It turned out that we were pregnant with twins, so the one Tittle became a Tittle and a Dot (as period did not seem like a good nick name for a baby). We lost Tittle a few weeks later, and that is the point of this post.

I didn't bond to the pregnancy the same way my wife did. Because of that I did not feel the loss the same way she did. At the time I didn't mourn the loss of my child; I feared the loss of my other child. It took me by surprise how hard it was on my wife. My thoughts were more along the lines of: at least we still have the one. I have struggled with that reaction quite a bit.

After the loss of our first twins when some one would say "you can always have another" I wanted to hit them. That is what made my reaction to the loss of Tittle even worse. I knew better, or at least I should have known better. That was my child that I lost, how could I not feel that loss? How could I blow right past it and only worry about my other child?

Things have changed now. It took until my son, Gus, was born for me to feel that loss. I think that similar to when my wife told me she had an ok day, I was able to let my walls down and grieve. Once Gus was here I could stop worrying about the pregnancy and reflect on what happened. I was finally able to grieve the loss of another child of mine. 
Why do I put these walls up? It just makes the grief that much worse later on. Does not grieving the loss until months later make me a bad dad? I hope not. I try to not live with regret. Instead when I see that I was wrong, or not in the right place, on an issue I own it and try to learn from it.

An early miscarriage is difficult, even more so for mothers. Society does not see them as a big deal, and even caring fathers (I hope I could be described as that) don't always understand. I have heard it said that a women becomes a mother when she finds out she is pregnant, and a man becomes a father when he first holds the child. While that quote is not 100% true, there is some truth to it. So I ask mothers please be patient with us dads who might not get it right away. In time, like me, I believe most fathers will grieve that loss, even if it is differently.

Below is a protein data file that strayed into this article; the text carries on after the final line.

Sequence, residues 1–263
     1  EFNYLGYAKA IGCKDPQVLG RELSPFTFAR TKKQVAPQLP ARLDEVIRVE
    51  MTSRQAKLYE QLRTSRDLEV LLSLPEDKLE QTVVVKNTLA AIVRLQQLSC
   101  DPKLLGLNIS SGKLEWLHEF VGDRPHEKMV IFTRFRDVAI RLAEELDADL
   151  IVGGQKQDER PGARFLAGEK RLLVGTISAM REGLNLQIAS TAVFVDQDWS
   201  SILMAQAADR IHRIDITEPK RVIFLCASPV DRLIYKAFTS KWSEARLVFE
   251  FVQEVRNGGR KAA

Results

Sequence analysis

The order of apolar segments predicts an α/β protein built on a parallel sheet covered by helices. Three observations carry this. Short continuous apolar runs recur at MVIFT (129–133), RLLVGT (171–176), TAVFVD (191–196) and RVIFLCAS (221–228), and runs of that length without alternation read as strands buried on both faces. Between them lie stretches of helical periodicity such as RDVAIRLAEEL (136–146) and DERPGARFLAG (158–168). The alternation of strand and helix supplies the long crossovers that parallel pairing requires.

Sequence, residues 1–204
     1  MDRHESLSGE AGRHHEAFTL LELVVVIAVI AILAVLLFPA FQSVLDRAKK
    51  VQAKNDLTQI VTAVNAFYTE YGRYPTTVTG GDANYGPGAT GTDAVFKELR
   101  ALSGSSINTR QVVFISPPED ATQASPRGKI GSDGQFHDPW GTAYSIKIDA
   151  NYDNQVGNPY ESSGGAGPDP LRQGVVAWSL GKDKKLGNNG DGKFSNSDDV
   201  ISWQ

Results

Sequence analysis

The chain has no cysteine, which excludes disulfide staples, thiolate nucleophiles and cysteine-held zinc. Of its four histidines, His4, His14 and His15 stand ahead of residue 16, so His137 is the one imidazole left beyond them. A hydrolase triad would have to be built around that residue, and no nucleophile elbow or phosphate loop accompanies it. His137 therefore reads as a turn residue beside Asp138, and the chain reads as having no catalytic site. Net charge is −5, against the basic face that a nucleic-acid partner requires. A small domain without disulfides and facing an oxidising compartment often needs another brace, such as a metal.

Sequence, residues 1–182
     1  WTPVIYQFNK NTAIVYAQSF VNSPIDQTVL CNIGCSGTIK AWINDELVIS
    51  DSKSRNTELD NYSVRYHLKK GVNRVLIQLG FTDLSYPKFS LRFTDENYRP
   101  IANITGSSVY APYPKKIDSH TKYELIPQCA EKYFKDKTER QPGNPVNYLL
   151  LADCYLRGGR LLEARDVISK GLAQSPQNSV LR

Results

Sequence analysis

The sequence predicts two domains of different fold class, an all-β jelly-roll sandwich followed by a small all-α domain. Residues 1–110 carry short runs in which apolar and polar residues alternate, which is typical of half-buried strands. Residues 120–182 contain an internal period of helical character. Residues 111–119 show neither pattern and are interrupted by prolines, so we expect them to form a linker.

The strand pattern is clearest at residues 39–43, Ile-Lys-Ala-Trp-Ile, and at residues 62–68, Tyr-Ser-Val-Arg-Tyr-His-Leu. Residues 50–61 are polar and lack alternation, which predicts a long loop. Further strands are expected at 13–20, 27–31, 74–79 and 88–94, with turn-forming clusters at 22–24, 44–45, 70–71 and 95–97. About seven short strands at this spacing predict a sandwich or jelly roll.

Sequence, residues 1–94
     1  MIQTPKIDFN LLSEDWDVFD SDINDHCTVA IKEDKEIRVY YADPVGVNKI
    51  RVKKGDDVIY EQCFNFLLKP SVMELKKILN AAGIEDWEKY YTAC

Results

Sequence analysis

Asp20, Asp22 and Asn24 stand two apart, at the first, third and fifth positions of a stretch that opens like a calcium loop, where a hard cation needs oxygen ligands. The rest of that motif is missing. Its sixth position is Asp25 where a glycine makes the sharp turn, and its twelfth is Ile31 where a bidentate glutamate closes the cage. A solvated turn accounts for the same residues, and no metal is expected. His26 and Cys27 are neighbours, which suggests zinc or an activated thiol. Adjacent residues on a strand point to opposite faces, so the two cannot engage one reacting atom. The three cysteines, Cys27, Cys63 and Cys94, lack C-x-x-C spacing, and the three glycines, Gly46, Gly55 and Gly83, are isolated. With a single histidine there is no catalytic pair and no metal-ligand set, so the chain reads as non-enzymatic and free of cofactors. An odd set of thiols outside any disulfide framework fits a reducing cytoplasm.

It has been a much different road for my wife and me with the loss of our little Tittle. The destination was the same place though. We are both proud parents of 4 children.

Feel free to leave a comment. I would love to know who is reading these posts. Share this with anyone you think would benefit from reading it. If you are a father or mother who has suffered through loss, speak out and break the silence. The loss of a child will only remain taboo as long as those who suffer do not speak out.

Thursday, October 13, 2011

Allowing Fathers To Grieve

I remember clearly the first time after we left the hospital that I really cried. I was standing on the stairs talking to my wife about how she was doing. She told me she was having an ok day. She was feeling better than she had in the weeks since we lost Oscar and Bella. As we were talking I let my guard down. A guard I didn't know I had even put up. I broke down, I cried, a good hard cry. The first cry I had in over a month.

Why did it take my wife telling me she was doing ok in order for me to grieve. It is simple, I was the strong one. I was the one she could count on. I had to be strong in order to be counted on, at least that is what I thought. Feeling like I wasn't needed in that role let me take on a new role, the role of the grieving father.

We have since that day talked a lot about allowing me to grieve. It was not her fault that I was not, but she did need to help me. We had many conversations about the grief process, and how it was more helpful for me to go through it with her than for me to try and be "her rock." I found out that being the strong man was not helpful, and was in many way hurtful.

Being allowed to grieve without the burden of "taking care of my wife" has offered me the chance to be a better husband, a better dad, and ironically be better at "taking care of my wife." Any fathers reading that should really take note of that. Being a man/husband in the classic sense is all about taking care of your wife, so in this way crying and grieving is the only way to "be a man."

My wife and I have also set up a non-verbal way to show grief. We use this when we want to let the other person know we are having a bad day. It is almost a "FYI, I am still grieving" method of communication. We have what we call the Oscar Bella, and Tittle candles. If we see them lit we know the other person is not having a good day. The thing is I light those candles probably 70% of the time they are lit, and is the way I express myself much more than my wife does. The candles don't mean we have to talk about it, or even want to talk about it... it is just a simple method of letting the other person know were we are that day.

Since I am assuming the majority of the readers of this are mothers, mothers who have suffered a loss, here is my advice to you as a grieving father. Make sure you allow your husband/significant other to grieve. Give them permission, let them know that is what you need. Encourage them to talk about it, ask them questions, but also try to find them a way to grieve without having to talk about it.

I have found that writing has been more helpful that I ever imagined it could be. Opening up about my experience has been a wonderful, and powerful experience. I encourage everyone, mother and fathers, to break the silence and speak out about their loss.